Akins observed that average weights of mature Holstein cows are reaching 1,600 pounds today although the best Net Merit ratings for dairy sires suggest a somewhat lower weight. He reported that California dairies which have purchased calving ahead to 21 months of age are learning that milk production is being hurt.
University of Wisconsin calculations show that an increase of 23 days in heifer raising adds nearly $53 to the cost of feeding that animal, Akins reported. For a group of about 85 heifers, this would increase the annual cost by approximately $4,500.
Based on a daily neutral detergent fiber (NDF) intake of 1 percent of its body weight, a pre-breeding heifer should be gaining 1.9 to 2.1 pounds per day, Akins stated. If there's too much corn silage in the ration, its energy component could push that daily gain to an undesirable 2.25 to 2.5 pounds per day, he warned.
With an eye on controlling feed costs for a heifer weighing 1,000 pounds, Akins described a daily dry matter input of 20 pounds with a 50 percent NDF portion coming from a combination of grasses with the addition of stover or wheat straw. That feed would cost about $1.40 per head per day compared to the $1.54 for a 45 percent NDF combination of corn silage and haylage, which would require a 22 pound daily dry matter intake, he said.
Among the grass feed candidates are forage sorghum along with the warm season gamagrass, Akins observed. He reported that American Breeders Service has been seeking gamagrass seed to grow some of the forage for its sires.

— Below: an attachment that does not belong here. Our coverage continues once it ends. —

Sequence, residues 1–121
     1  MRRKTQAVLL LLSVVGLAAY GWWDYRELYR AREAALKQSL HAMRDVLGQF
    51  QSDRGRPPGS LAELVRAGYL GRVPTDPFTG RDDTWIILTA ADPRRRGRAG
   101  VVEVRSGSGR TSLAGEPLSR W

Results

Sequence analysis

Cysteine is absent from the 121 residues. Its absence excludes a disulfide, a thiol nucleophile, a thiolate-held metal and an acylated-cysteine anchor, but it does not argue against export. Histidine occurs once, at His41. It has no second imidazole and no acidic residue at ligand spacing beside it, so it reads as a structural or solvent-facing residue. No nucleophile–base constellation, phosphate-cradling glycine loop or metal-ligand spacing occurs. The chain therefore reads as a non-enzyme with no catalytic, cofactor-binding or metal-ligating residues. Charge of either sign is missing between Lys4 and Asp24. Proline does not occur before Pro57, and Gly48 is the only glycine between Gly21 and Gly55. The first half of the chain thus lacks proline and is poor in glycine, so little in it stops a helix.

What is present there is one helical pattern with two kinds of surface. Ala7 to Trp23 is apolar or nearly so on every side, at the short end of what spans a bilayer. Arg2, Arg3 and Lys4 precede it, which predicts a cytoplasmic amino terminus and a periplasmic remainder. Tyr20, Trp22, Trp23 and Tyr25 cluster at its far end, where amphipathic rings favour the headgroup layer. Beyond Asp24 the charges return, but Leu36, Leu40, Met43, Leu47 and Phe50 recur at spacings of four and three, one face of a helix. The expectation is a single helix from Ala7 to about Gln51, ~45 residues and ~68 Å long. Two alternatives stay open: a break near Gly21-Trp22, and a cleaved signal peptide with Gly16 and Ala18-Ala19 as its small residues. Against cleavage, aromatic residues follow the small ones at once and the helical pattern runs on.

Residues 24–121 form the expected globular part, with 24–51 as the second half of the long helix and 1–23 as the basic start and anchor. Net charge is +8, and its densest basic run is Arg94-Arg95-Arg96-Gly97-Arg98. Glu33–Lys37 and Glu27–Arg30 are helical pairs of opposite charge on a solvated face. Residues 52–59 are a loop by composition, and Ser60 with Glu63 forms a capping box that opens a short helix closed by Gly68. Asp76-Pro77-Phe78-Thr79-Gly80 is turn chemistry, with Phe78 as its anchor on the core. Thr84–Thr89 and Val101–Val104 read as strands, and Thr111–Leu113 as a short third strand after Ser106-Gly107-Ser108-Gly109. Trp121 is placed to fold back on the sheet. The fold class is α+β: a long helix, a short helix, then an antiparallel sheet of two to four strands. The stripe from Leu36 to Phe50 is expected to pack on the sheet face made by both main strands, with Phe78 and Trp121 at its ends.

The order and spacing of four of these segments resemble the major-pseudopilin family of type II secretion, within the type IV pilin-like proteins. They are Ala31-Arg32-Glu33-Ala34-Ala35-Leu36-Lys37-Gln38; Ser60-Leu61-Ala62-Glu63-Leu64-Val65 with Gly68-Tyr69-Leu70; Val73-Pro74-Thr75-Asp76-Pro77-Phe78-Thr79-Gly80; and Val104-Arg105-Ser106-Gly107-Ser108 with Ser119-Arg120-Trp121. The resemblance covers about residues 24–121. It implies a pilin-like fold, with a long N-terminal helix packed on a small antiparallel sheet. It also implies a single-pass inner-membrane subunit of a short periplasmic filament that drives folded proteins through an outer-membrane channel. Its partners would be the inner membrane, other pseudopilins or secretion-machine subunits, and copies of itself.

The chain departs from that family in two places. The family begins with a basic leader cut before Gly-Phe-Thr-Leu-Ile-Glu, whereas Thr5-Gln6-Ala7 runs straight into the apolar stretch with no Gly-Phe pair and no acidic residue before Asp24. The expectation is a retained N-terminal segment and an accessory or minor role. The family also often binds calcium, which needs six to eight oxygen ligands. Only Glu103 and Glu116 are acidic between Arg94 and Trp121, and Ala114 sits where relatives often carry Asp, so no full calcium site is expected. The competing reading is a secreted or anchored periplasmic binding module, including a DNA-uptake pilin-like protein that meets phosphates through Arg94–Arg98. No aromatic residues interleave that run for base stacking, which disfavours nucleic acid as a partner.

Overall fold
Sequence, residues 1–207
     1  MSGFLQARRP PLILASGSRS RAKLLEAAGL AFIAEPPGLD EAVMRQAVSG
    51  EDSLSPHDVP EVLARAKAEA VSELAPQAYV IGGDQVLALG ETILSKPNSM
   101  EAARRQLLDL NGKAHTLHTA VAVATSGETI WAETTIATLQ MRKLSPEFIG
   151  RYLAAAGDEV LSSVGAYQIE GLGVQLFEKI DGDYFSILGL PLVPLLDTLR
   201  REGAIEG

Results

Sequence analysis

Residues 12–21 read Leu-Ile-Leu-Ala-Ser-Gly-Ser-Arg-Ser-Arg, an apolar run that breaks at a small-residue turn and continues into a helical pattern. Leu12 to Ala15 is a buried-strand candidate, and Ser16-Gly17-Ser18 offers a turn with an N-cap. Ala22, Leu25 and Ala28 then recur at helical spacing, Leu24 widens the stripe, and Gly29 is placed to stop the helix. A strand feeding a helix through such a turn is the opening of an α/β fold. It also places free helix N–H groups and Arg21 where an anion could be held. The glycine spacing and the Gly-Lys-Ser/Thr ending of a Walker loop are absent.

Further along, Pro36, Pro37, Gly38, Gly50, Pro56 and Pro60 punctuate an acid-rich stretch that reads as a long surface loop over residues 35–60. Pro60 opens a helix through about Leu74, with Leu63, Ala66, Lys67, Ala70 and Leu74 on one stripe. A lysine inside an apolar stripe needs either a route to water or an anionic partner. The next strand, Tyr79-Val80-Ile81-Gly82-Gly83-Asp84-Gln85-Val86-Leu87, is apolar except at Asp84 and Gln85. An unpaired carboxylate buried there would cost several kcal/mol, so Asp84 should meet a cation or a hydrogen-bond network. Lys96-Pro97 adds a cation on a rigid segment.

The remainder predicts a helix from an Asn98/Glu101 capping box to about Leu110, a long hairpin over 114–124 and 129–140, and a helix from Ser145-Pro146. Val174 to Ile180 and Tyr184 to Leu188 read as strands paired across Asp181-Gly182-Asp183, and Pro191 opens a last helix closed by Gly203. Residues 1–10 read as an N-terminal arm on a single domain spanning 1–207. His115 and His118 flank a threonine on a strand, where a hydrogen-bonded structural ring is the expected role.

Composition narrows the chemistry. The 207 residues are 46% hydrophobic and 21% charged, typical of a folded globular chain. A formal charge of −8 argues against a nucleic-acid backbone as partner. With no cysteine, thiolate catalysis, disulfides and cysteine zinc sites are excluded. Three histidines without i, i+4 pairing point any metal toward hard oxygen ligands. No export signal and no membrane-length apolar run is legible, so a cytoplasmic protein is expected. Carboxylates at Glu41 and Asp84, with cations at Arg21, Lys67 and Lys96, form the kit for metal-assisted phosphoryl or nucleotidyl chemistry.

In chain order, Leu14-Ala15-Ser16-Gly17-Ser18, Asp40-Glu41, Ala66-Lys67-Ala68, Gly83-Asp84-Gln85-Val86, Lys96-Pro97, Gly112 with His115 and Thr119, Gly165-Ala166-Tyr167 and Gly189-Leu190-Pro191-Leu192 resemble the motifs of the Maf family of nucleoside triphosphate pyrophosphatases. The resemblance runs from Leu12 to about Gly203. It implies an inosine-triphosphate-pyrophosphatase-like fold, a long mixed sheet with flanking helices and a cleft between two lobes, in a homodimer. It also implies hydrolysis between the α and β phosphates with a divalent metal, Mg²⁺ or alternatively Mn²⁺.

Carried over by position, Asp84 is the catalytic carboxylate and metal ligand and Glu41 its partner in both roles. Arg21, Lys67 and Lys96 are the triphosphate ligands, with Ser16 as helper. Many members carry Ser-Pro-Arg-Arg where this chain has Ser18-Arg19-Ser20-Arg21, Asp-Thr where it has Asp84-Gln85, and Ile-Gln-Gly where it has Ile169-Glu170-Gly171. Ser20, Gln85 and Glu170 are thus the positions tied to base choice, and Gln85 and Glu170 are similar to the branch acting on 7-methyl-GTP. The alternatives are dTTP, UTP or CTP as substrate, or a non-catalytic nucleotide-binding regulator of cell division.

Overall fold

Another possibility is to increase the concentration of the same nutrients but limiting the feeding volume, thereby reducing the daily intake by as much as 10 to 20 percent, Akins indicated. To pursue that possibility, he advised having the herd nutritionist provide a least cost analysis and having suitable facilities and management.
With confined feeding, feed bunk supervision and standards are crucial for controlling waste and costs, Akins noted. He proposed limiting feed refusals to between 1 and 2 percent, making changes for refusals outside of those numbers, and realizing that daily variations can often be tied to extreme weather events.
Based on studies by grazing specialists, the per acre and dry matter unit costs can be reduced by about 50 percent during the time of the year available for pasturing heifers, Akins reported. He set a target of a 1.8 pound per day gain for a 500 pound dairy heifer on pasture for up to 180 days.
By time periods, Akins cited these feed costs for raising dairy heifers – $231 to the age of 3 months, $245 for months 3 to 12, and $428 for months 12 to 24.
To update the cost data, Akins announced that the Extension Service dairy team is organizing a survey of calf and heifer raisers to be conducted this summer. In addition to the traditional practices, he said the survey will cover the use of automated feeders and indicated that input will be sought from 15 to 20 dairy heifer graziers.